Today, Dr. Francesco Cesareo is the President of Assumption College in Worcester, Massachusetts which has earned acclaim as one of the “Best in the Northeast” by the Princeton Review. A first generation Italian-American, Francesco is the first son of Giovanni and Italia Cesareo originally from Salerno and Avellino. Although they couldn’t have it for themselves, his parents were determined to see that their oldest son would have the best education possible. After graduating summa cum laude from Cathedral College of the Immaculate Conception in Douglaston, New York, he earned a master’s degree and then a doctorate degree in Late Medieval/ Modern European History from Fordham University. Dr. Cesareo is the author of two books and numerous articles and he is often called upon to speak to various groups.
An ardent promoter of the lifelong value of the liberal arts, President Cesareo recognized that the richness of Rome was an ideal setting for learning. He wanted to share the same experiences he enjoyed when he was a student there. However, it had to be unique and better. A summer abroad just wouldn’t be sufficient. The Assumption College Rome Campus, therefore, was designed to bring students to “The Eternal City” not for just a summer but rather for an entire college semester. During that time students would be engaged in a first-class learning experience while immersing themselves in the Italian language and culture. The new campus would bring students from the stately Assumption College campus within the fabled ‘Seven hills of Worcester’ to the majestic ‘Seven hills of Rome’ for an unforgettable academic and personal experience that would surely last a lifetime.
‘Villino Dufault’, the formal name for the Rome Campus, is located in the heart of the city and is just a 20 minute walk to St. Peter’s Square. The Villino Dufault was comfortably remodeled to provide classroom space, a student dormitory, and ample room for dining as well as recreational activities. The quarters also lent itself to true community spirit where friendly and helpful interaction between faculty and students could develop a community bond. Even the cook involves herself in the experience by teaching students about communal meals and its special place in the Italian way of life. Then too there are also those special times reserved just for fun and relaxation. Students can enjoy bike rides through the city or even just a short walk to the best gelato in the area, or for that matter rubbing shoulders in a crowded nearby café for a cup of Italian espresso coffee.
In keeping with Dr. Cesareo’s vision, the program embraces three important objectives. It provides students with a rich academic and cultural learning experience in the best sense of a liberal arts education; it offers a close look at the Vatican –the seat and central governance of the Catholic Church; and it acquaints students more closely with the traditions of the Augustinians of the Assumption who founded the College in 1904 and who have grown as a congregation to more than 700 priests and brothers around the world.
The old adage of “When in Rome, do as the Romans do” lends itself nicely in motivating students to learn the Italian language in an authentic environment as quickly as they can. Classes in the Italian language are taught by Italiaidea, one of the most famous Italian language schools in Italy. Because they are primarily college students, however, they must also choose appropriate courses to study from a wide variety of liberal arts areas. A variety of liberal arts courses are provided each semester. This allows students to continue tp progress toward their degree while getting the most from study in Rome. These courses include but are not limited to architecture, art, comparative literature, history, theology, and philosophy to mention just a few of the potential offerings all taught by either full-time Assumption College faculty from Worcester or faculty hired in Rome for the program.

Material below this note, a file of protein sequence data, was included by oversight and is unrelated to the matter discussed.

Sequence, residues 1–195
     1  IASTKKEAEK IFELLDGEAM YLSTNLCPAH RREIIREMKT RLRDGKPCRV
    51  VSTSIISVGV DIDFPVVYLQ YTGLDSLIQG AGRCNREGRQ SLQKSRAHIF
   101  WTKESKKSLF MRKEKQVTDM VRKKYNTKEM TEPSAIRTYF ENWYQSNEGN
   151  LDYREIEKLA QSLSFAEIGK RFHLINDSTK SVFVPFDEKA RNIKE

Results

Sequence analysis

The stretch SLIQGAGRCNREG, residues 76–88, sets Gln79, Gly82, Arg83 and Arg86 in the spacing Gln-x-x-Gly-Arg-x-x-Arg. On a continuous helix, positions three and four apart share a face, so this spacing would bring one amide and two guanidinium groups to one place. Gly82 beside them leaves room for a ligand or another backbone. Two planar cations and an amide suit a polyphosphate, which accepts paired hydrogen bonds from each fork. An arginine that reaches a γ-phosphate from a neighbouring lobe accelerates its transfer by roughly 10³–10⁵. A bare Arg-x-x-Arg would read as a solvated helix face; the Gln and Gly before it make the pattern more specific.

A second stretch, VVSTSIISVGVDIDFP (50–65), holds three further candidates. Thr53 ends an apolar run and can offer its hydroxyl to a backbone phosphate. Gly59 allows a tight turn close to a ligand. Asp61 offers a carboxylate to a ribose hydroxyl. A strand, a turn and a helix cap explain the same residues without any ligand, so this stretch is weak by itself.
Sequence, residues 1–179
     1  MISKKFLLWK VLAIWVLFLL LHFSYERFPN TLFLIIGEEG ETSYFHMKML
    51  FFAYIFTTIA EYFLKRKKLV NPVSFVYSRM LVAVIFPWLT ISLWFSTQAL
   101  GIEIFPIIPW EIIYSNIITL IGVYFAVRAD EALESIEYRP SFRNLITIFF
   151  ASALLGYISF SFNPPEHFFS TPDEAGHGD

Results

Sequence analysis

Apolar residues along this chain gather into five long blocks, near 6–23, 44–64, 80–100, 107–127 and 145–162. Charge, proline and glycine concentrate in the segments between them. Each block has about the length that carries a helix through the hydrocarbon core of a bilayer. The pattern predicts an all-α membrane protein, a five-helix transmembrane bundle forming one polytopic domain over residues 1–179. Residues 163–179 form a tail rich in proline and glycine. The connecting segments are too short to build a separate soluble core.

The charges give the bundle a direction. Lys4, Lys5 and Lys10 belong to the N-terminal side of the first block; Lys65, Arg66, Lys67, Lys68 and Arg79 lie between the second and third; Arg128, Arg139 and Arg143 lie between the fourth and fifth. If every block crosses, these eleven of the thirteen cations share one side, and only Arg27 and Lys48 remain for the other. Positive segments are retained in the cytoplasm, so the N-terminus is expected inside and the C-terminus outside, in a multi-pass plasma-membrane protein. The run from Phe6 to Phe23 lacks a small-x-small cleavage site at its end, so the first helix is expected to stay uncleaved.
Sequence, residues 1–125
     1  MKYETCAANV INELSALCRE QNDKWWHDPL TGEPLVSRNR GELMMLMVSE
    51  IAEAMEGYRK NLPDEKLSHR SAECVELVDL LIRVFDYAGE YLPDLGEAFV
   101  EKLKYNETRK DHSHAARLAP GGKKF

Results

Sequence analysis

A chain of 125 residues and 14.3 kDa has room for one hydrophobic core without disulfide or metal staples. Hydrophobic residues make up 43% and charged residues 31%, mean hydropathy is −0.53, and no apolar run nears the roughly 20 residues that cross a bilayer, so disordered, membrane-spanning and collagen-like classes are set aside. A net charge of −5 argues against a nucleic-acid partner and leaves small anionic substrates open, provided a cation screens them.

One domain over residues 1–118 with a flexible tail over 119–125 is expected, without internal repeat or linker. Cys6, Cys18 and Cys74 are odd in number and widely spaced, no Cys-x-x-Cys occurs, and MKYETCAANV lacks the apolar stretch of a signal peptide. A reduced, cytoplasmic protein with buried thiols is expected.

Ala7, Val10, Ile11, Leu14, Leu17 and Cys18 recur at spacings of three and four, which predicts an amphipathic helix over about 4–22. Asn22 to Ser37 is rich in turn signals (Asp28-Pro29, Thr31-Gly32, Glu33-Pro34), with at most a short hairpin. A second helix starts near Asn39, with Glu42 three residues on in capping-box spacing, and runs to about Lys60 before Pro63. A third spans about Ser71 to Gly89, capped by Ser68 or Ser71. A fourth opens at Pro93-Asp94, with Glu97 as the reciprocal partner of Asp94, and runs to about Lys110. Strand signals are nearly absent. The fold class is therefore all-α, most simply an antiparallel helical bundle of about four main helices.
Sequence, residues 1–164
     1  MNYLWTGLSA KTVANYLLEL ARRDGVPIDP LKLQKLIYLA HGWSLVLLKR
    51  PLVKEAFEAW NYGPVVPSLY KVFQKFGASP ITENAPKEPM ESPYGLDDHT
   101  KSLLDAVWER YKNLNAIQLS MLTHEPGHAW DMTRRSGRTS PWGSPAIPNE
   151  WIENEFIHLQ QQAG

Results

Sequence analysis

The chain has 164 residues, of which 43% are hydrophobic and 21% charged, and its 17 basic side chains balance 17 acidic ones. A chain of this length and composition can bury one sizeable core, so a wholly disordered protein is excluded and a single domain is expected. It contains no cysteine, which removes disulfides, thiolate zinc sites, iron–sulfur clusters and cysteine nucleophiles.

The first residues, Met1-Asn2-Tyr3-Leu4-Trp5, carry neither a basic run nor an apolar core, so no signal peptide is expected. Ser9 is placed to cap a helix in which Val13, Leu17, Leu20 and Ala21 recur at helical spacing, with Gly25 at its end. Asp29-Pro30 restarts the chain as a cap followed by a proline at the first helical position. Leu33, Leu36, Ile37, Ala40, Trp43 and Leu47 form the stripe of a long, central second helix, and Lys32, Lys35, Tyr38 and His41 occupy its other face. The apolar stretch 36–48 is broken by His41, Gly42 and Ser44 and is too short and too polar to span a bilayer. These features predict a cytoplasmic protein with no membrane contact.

As a Catholic college, Assumption students take the opportunity to attend weekly Mass at the neighboring Superior General House of the Assumptionists or at any number of the splendid historic churches they could visit on any given day.
Indeed, the Rome Campus goes far beyond the classroom at Villino Dufault by using the city and country as a living classroom. The semester is filled with organized visits to museums and significant sites within the city and the surrounding countryside. Students and faculty also schedule longer excursions to locales such as Florence, Urbino, Assisi, and Naples. Students may also visit the ruins of Pompeii, and the Colosseum. Students stand where history was made, and where decisions and discussions helped shape our world today. In so doing, they experience first hand the architecture, art, and culture that have inspired countless generations. As might be expected, more frequent visits are made to St. Peter’s Square and the Vatican.
The Vatican is a walled enclave within the city of Rome which contains its own special points of treasured interest for the students. These include St. Peter’s Bascilica, Castel Sant’Angelo, the Apostolic Palace, the Sistine Chapel and the Vatican Museum. Students are also free to stroll leisurely through the Gardens of Vatican City. In fact an immediate benefit to be noticed is that while tourists appear overwhelmed at the beauty which surrounds them and rush to take in as much as they can in the short period that they are there, the Assumptionist students have the advantage of much more time to truly absorb the sights and sounds of “The Eternal City”.
For Dr. Francesco Cesareo, the Assumption College Rome Program is close to the heart. Now, in its 3rd year of operation, the Rome campus has exceeded the College’s expectations while providing students with a strong study abroad program that uniquely positions Assumption College in the competitive New England higher education marketplace.